Driverless cars plus mathematics could equal the end of traffic jams

Here we go again. Image: Getty.

Being stuck in miles of halted traffic is not a relaxing way to start or finish a summer holiday. And as we crawl along the road, our views blocked by by slow-moving roofboxes and caravans, many of us will fantasise about a future free of traffic jams.

As a mathematician and motorist, I view traffic as a complex system, consisting of many interacting agents including cars, lorries, cyclists and pedestrians. Sometimes these agents interact in a free-flowing way; at other, infuriating, times they simply grind to a halt. All scenarios can be examined – and hopefully improved – using mathematical modelling, a way of describing the world in the language of maths.

Mathematical models tell us for instance that if drivers kept within the variable speed limits sometimes displayed on a motorway, traffic would flow consistently at, say, 50mph. Instead we tend to drive more aggressively, accelerating as soon as the opportunity arises – and being forced to brake moments later. The result is greater fuel consumption and a longer overall journey time.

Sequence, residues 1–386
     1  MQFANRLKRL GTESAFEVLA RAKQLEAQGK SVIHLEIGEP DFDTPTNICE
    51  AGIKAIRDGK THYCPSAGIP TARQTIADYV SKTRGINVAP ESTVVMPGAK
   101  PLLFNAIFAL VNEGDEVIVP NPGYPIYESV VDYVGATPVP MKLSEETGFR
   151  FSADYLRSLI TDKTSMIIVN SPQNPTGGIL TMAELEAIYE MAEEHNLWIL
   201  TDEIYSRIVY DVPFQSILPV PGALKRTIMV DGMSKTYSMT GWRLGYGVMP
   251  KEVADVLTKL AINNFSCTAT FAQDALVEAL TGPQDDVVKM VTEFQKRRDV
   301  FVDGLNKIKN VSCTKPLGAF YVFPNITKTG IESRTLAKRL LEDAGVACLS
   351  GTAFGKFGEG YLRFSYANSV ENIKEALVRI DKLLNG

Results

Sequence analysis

Cooperative driving seems to go against human nature when we get behind the wheel. But could this change if our roads were taken over by driverless cars?

Incorporating driverless cars into mathematical traffic models will prove key to improving traffic flow and assessing the various conditions in which traffic reaches a traffic jam threshold, or “jamming density”. The chances of reaching this point are affected by changes such as road layout, traffic volume and traffic light systems. And crucially, they are affected by whoever is in control of the vehicles.

In mathematical analysis, dense traffic can be treated as a flow and modelled using differential equations which describe the movement of fluids. Queuing models consider individual vehicles on a network of roads and the expected time they spend both in motion and waiting at junctions.